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Thanks @Phocal that's good to know. I found a MeFOTO GlobeTrotter 64.2" Carbon Fiber Travel Tripod on eBay second hand for a great price, it seems very similar to the Roadtrip. It's a tiny bit heavier and goes a little taller.

Might get that and then find a good ball head to pair with it.
I went back and forth on size when I got mine. I went with the one I got for it's collapsed length. My Anja photo backpack has these pockets on the side that go the full length of the pack and I wanted a tripod that would fulling fit inside. Hate carrying tripods external of the pack because they catch on everything.
 

Acraftman

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I have a mefroto Q1 with the ball head the upside to it is its 151/2" collapsed so it fits in my carry on with my camera gear, it also has the detachable leg that can be used as a monopod and comes with rubber and spiked feet. I recently bought the mc-20 teleconverter for my 40-150 and picked up a telescoping rifle support for like $10 at academy it weighs probably less than a 10 oz extends from 20 to 72" and has a Y type support that comes in handy when I just want a quick tele shot while hiking.
 

oldracer

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I have a Benro carbon "Travel Flat." This is kind of an unusual design where the legs fold flat instead of folding into a sort of cylinder. (http://www.benrousa.com/travel-series/travel-flat.aspx#C2182TB1) with a monopod conversion leg. It's a brilliant design and saves gobs of carrying space but like other such unusual designs from time to time it doesn't seem to have gotten traction in the marketplace. They are around, though.

I sold off the Benro ball head that came with it and use an Acratech with their lever type clamp. Light weight, very smooth, and quick to mount/demount a camera. The lever locks, so its difficult to accidentally drop the camera, unlike the RRS lever.
 

ac12

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Also looking for a good ball head that's good for wildlife photography with a long telephoto lens, so the ability to have friction control (so it can act a little bit like a gimbal)
IMHO, a ball head and gimbal are two very different heads.
I have ball head and later got a gimbal head, because the ball head just did not do what I needed to do. For what I was doing, I NEEDED a gimbal head, NOT a ball head.
  • The ball head moves in ALL axis at once, including leaning/flipping over to the side (L/R horizon tilt axis). Because it lets the camera lean to the side, I rarely got a level image. So I had to shoot wide, to leave enough space around the subject, to level the image in post.
  • The gimbal moves in H and V axis in a more controlled way, and importantly, the camera won't lean to the side. So once the tripod is leveled, all my images are level.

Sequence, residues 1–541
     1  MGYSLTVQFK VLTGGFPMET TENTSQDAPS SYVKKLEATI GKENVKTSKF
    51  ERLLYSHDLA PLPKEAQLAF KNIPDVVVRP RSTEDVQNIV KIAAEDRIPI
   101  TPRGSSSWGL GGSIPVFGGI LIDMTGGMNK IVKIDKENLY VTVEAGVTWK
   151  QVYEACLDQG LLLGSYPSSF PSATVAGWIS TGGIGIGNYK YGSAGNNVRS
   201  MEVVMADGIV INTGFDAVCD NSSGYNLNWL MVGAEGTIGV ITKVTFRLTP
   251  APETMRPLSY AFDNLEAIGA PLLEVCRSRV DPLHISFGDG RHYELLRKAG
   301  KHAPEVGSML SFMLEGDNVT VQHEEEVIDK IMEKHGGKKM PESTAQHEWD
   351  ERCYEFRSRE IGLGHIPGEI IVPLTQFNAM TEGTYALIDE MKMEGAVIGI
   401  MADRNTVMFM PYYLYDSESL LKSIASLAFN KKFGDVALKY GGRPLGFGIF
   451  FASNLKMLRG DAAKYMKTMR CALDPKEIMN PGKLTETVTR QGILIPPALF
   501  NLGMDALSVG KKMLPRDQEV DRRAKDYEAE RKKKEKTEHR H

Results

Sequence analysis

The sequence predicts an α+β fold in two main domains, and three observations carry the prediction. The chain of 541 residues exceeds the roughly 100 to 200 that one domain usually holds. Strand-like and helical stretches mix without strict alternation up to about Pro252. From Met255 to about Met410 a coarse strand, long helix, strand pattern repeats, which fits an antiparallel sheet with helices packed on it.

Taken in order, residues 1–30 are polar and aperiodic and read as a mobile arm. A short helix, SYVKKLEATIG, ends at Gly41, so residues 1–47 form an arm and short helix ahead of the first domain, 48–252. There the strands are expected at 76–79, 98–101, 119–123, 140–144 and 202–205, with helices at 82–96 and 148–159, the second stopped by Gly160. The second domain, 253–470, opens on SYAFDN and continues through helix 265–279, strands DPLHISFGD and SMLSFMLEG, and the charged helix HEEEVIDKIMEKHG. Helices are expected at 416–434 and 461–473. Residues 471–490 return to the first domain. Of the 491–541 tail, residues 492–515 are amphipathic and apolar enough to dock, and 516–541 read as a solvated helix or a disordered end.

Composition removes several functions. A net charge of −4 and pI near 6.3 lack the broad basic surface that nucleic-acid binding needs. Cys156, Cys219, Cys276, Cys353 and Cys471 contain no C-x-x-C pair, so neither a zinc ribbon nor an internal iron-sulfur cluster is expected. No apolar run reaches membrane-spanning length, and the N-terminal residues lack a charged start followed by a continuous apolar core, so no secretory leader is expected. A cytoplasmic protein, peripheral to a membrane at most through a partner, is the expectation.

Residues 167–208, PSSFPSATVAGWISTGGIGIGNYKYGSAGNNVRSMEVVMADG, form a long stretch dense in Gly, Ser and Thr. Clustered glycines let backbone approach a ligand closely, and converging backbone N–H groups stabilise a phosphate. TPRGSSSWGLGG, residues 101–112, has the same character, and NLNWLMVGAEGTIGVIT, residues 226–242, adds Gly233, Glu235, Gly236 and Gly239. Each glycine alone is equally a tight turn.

For tracking a moving subject, I find that a gimbal is MUCH easier to use, than a ball head. Primarily because it does not let the camera lean to the side, as I tracked the subject.
To make my ball head easy enough to track a moving subject, the camera easily leaned to the side also.

If you think you may want a gimbal head, make sure that the tripod you get has a removable head, with a 3/8 inch stud, so that you can swap heads.

Warning, a gimbal head is rather bulky.
 

mrjoemorgan

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Thanks @ac12 for the insight - yep two very different systems. Gimbal is large and heavy and overkill for what I need. For Wildlife its either something for the camera to rest on, or if I'm tracking, then I put the ball head on the side into the slot, undo the tripod ring on the telephoto and have it give the flexibility of tracking. Its not the best, but sometimes when I needed to be steady it works (and is much smaller and lighter than a gimbal)
 

ac12

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Thanks @ac12 for the insight - yep two very different systems. Gimbal is large and heavy and overkill for what I need. For Wildlife its either something for the camera to rest on, or if I'm tracking, then I put the ball head on the side into the slot, undo the tripod ring on the telephoto and have it give the flexibility of tracking. Its not the best, but sometimes when I needed to be steady it works (and is much smaller and lighter than a gimbal)
Cool idea.
Never thought of trying something like that.
I got to try it now.
 

mrjoemorgan

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Cool idea.
Never thought of trying something like that.
I got to try it now.
The only downside depends on the size of your camera setup and tripod used, you can hit your hands on the legs or get a little stuck in movement as its all so close to the tripod head.
 

ralf-11

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forget the cheap tripods as you will wind up buying them twice

get the Gitzo Traveler and the Markins ballhead made for it
 

teacher447

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Thanks @Phocal that's good to know. I found a MeFOTO GlobeTrotter 64.2" Carbon Fiber Travel Tripod on eBay second hand for a great price, it seems very similar to the Roadtrip. It's a tiny bit heavier and goes a little taller.

Might get that and then find a good ball head to pair with it.

I'm using the Mefoto globetrotter CF. It is not the lightest tripod around but it is sturdy. The largest lens that I have use on it is an old Canon 85-300mm 4.5 with my M5 mark l. I purchased it from a chinese web site on Aliexpress for $220. They make a 4 legged Globtrotter model which is not sold in the US. It 's a bit longer when collapsed, but it should be a bit sturdier.
 

mrjoemorgan

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One thing I have always wondered is weight v sturdiness. Shooting with the EM1.2 and 7-14mm or 12-40mm means there is not much weight on the tripod. Pair that with the 2.6lb tripod and some wind, is a 10-second exposure going to just blur?
 
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Phocal

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One thing I have always wondered if weight v sturdiness. Shooting with the EM1.2 and 7-14mm or 12-40mm means there is not much weight on the tripod. Pair that with the 2.6lb tripod and some wind, is a 10-second exposure going to just blur?
It can, that's why if it's windy I just hang my pack from the hook on the bottom of the center column.